I was just about to take my first sip of morning coffee when Clementine burst in, white faced, from the back garden.
‘Carnage,’ she gasped darkly. ‘Utter carnage.’
‘What?’ I mumbled, lowering my coffee cup. ‘What do you mean?’
‘The French beans . . the broadbeans . .. courgettes . . .. red cabbages. . . ’
I yanked on my boots and dashed outside.
The French beans were lying wanly on their sides. The courgette plants were battered and bruised and the broadbeans huddled urgently together for support. The only things unaffected were the turnips. Damn those turnips, I thought bitterly, the prospect of night after night of Clementine’s curried turnip stew flashing before my eyes.
Seized by a desperate need to do something I scurried from bed to bed, banking up soil round the bases of beans, propping stones around courgette plants, coaxing broadbeans into drunken uprightness, even as I was doing so, knowing it was no good. Clementine watched me silently.
To my embarrassment I started to cry.
‘Life is cruel,’ she said finally.
‘I’m sorry,’ I muttered damply, ‘I know that should help, but somehow hearing it doesn’t make me feel any better.’
‘Alright,’ Clementine said. ‘What about . . . . breakfast at the Lakeside Hotel?’
Ten minutes later we were sitting at a rickety white-clothed table eating toast from a tarnished silver toast rack, Clementine sipping mint tea while I drank an entire pot of freshly brewed coffee.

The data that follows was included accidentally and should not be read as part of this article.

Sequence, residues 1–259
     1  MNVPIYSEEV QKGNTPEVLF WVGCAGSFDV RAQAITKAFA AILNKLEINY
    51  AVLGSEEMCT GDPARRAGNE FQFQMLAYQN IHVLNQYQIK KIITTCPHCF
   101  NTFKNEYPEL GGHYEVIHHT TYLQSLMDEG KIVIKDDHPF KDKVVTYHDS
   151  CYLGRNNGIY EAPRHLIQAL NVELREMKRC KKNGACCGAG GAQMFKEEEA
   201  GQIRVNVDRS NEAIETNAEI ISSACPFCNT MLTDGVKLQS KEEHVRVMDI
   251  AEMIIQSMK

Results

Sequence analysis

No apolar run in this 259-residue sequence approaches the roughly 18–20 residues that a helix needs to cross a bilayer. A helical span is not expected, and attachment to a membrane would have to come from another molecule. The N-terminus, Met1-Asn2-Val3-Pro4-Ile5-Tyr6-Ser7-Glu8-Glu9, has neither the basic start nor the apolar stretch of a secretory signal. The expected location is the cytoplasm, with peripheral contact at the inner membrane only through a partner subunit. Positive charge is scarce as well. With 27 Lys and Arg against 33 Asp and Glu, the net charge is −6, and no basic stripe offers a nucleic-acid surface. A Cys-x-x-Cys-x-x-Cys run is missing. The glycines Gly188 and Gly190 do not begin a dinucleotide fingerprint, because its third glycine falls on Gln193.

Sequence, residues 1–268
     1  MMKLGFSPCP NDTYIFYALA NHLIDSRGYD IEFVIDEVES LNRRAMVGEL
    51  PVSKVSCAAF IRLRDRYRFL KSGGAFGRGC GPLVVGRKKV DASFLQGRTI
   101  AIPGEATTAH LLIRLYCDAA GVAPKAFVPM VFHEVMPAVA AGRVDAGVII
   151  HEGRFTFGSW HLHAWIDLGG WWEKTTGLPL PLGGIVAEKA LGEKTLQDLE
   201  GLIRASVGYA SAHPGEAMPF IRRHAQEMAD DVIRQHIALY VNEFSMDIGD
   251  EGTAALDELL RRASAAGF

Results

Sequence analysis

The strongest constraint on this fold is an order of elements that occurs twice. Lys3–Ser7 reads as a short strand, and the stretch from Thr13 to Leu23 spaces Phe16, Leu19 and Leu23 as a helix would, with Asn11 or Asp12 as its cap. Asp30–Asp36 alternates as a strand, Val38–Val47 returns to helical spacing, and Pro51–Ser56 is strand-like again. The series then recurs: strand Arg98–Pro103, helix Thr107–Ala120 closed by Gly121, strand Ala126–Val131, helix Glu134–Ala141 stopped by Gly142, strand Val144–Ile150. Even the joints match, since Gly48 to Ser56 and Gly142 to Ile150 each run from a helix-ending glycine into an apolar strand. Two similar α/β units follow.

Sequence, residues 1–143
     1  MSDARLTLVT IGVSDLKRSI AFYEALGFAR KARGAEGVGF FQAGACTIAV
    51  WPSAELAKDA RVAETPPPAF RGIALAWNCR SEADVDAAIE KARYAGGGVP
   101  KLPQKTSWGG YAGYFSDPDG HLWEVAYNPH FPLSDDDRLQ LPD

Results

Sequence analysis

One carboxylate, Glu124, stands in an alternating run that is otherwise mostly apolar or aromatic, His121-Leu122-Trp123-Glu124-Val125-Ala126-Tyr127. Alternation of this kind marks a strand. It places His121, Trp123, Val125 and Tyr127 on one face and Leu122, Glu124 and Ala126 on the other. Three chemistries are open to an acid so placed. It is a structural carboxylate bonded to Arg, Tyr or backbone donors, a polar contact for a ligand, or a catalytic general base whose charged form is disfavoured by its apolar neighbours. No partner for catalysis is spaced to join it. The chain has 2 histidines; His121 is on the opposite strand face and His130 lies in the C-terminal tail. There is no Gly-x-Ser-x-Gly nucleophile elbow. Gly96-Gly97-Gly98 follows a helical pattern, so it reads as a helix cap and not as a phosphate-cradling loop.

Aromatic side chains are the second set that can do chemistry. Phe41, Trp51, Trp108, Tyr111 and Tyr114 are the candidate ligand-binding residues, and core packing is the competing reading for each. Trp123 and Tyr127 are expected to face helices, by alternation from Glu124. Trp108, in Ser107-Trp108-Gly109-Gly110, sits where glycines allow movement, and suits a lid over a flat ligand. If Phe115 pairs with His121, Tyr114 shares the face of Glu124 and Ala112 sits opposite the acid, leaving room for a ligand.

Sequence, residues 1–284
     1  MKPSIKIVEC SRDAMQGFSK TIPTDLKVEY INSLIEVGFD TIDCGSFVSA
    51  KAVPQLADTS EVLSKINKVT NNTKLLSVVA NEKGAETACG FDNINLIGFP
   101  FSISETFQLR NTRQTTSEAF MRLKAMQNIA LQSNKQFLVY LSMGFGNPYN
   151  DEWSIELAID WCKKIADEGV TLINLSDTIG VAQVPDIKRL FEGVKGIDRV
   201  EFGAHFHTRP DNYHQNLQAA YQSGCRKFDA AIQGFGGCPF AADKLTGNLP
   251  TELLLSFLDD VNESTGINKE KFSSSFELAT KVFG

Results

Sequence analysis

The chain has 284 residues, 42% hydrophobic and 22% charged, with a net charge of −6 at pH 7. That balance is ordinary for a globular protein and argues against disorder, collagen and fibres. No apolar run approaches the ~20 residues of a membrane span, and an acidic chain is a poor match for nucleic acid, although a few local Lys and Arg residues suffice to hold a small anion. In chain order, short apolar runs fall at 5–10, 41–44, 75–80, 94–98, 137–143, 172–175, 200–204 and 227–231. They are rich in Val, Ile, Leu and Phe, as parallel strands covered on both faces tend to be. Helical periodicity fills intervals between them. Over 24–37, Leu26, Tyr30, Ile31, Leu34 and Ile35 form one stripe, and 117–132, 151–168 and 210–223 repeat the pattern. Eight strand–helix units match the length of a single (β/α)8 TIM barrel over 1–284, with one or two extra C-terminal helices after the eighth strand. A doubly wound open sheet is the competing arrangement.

On the way back home I drove very fast and talked and talked and talked. I talked about poetry, I talked about novels, I talked about my ex-husband, I talked about work, I talked about the oddly attractive garda (who we happened to pass on the road) and I talked about the cruelty of nature and how difficult it is to see something you have nurtured from a tiny seed be destroyed in one foul windy night.
‘Exactly how much coffee did you drink back there?’ Clementine asked faintly as I sprang from the car.
‘Not that much,’ I said, feeling suddenly anxious and defensive. What was she trying to imply? That I had a problem with addictive substances? Then I realised it was the coffee talking. ‘Maybe a little too much,’ I admitted.
When we went round the back of the house to survey the damage again, Clementine was surprisingly upbeat.
‘It’s not as bad as it looks,’ she said finally.
I surveyed the battered vegetables, my coffee high sliding away.
‘You could have fooled me,’ I murmured flatly.